"An essay is something you write to try to figure something out.
Figure out what? You don't know yet. And so you can't begin with a thesis, because you don't have one, and may never have one. An essay doesn't begin with a statement, but with a question. In a real essay, you don't take a position and defend it. You notice a door that's ajar, and you open it and walk in to see what's inside.
If all you want to do is figure things out, why do you need to write anything, though? Why not just sit and think? Well, there precisely is Montaigne's great discovery. Expressing ideas helps to form them. Indeed, helps is far too weak a word. Most of what ends up in my essays I only thought of when I sat down to write them. That's why I write them.
In the things you write in school you are, in theory, merely explaining yourself to the reader. In a real essay you're writing for yourself. You're thinking out loud.
But not quite. Just as inviting people over forces you to clean up your apartment, writing something that other people will read forces you to think well. So it does matter to have an audience. The things I've written just for myself are no good. They tend to peter out. When I run into difficulties, I find I conclude with a few vague questions and then drift off to get a cup of tea."
But what the hell am I trying to figure out? I sit down to write this thing, maybe with an idea and that's about it. So this stuff you're reading is just a glimpse of what goes on inside my head all day, scary as that may be. In fact, when I go to bed I have to consciously force myself into a vegetative state or I just won't sleep. Sometimes I read my old posts and can see where I was wrong, I learn more about how I think. For instance, my dad always claimed I had a fear of success. Looking at it now it's clear that I simply have a fear of hiding from reality behind piles of "work." A quote from The Underground History of American Education.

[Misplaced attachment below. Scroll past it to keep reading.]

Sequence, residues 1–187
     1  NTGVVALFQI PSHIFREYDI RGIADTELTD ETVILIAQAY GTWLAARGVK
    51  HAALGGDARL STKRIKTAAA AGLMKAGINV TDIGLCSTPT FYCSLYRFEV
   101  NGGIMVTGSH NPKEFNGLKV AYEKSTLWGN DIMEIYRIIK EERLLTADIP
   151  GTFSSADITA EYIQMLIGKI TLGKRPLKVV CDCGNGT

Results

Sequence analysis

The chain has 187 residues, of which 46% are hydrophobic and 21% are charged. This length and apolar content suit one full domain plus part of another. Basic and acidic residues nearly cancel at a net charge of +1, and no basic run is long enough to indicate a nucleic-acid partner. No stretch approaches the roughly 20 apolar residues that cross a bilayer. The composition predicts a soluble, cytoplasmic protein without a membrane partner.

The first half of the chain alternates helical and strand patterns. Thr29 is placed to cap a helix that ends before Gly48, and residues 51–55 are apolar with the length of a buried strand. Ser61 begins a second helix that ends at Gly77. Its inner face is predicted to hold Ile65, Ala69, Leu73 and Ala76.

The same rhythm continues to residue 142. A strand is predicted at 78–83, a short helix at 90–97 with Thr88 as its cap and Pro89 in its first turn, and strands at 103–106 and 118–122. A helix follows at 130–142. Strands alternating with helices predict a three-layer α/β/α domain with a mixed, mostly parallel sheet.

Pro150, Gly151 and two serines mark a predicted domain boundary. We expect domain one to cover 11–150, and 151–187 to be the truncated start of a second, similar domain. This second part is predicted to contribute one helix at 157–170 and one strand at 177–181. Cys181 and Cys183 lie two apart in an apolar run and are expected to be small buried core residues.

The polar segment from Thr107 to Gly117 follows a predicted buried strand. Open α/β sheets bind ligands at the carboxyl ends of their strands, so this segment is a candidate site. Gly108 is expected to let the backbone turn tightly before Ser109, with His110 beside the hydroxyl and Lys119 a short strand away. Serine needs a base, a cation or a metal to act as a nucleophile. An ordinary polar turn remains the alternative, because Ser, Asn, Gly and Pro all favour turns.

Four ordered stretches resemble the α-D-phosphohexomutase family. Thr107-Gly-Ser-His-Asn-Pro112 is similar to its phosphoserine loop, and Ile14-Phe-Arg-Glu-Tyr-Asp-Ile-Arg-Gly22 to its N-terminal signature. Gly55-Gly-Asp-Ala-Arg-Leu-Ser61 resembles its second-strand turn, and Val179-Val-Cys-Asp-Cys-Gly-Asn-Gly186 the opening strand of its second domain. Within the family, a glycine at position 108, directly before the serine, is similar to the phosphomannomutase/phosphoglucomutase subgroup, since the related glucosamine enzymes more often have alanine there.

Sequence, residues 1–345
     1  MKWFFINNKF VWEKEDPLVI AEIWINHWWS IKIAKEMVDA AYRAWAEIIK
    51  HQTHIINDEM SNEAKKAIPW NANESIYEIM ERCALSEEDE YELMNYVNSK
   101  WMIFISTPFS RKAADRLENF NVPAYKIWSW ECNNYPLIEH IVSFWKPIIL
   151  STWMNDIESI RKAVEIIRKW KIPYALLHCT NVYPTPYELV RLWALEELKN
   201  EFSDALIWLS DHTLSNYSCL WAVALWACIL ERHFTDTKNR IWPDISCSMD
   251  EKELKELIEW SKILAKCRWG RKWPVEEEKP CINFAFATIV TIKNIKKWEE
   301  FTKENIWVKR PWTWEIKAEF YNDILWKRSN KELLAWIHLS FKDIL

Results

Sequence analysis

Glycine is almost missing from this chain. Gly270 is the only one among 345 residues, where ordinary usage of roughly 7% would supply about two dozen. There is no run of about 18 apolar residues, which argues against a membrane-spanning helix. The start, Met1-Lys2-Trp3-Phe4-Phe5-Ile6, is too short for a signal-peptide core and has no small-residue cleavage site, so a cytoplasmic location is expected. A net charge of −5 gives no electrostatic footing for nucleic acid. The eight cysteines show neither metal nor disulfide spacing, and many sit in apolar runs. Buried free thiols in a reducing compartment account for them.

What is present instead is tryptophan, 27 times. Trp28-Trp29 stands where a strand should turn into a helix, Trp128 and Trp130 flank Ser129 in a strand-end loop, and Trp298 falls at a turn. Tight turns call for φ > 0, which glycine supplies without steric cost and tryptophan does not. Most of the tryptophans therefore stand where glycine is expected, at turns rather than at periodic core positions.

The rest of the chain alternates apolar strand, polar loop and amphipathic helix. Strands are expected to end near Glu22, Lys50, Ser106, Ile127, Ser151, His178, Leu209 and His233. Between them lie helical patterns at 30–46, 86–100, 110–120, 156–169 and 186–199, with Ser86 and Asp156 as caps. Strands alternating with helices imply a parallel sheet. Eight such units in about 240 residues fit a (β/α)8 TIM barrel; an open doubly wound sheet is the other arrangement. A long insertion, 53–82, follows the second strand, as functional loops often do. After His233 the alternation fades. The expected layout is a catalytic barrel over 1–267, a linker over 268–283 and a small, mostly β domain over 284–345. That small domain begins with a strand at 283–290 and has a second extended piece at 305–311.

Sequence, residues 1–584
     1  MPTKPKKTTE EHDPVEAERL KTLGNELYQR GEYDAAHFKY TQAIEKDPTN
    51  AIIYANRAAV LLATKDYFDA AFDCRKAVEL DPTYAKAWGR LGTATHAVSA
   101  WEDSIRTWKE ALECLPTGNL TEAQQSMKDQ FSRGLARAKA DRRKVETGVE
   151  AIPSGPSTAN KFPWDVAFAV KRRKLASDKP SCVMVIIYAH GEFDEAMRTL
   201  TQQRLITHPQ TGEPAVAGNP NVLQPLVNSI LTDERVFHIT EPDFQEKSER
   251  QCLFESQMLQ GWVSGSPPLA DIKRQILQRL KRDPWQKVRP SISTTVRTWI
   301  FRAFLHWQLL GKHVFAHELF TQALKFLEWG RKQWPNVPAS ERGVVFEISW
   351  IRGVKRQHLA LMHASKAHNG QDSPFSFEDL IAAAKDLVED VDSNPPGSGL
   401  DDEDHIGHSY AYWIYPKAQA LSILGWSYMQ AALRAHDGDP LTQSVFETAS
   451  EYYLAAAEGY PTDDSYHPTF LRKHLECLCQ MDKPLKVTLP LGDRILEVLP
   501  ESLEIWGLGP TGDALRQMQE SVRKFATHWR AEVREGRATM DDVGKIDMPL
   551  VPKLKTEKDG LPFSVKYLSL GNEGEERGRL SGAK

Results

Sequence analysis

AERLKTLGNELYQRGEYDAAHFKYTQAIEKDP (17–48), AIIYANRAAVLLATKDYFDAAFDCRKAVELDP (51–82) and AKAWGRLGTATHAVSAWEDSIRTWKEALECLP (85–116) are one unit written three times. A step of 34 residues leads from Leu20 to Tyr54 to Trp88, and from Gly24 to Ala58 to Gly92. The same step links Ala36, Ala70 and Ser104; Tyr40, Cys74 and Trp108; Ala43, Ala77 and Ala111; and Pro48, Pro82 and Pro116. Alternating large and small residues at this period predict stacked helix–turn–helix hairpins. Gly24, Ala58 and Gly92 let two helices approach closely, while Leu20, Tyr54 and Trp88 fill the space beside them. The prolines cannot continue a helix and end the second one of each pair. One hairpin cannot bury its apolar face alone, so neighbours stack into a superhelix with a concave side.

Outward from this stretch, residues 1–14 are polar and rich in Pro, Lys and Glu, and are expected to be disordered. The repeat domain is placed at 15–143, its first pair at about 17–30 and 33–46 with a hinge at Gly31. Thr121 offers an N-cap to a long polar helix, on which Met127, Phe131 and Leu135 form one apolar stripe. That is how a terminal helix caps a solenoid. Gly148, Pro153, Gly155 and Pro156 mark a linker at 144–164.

"When a Colorado coalminer testified before authorities in 1871 that eight hours underground was long enough for any man because "he has no time to improve his intellect if he works more," the coaldigger could hardly have realized his very deficiency was value added to the market equation."
Automation has changed things, the majority of the workforce is now knowledge based. So if the author of the above quote is correct(I'm not entirely sure he is) then my hatred of school was a logical response to the outdated, industrial era bureaucracy that is K-12. If I ever have kids I'm going to seriously consider home schooling them, I just need to find a weathly lady with child bearing hips first. Maybe I'll just get one of those robotic vacuums and re-program it instead of homeschooling a real person.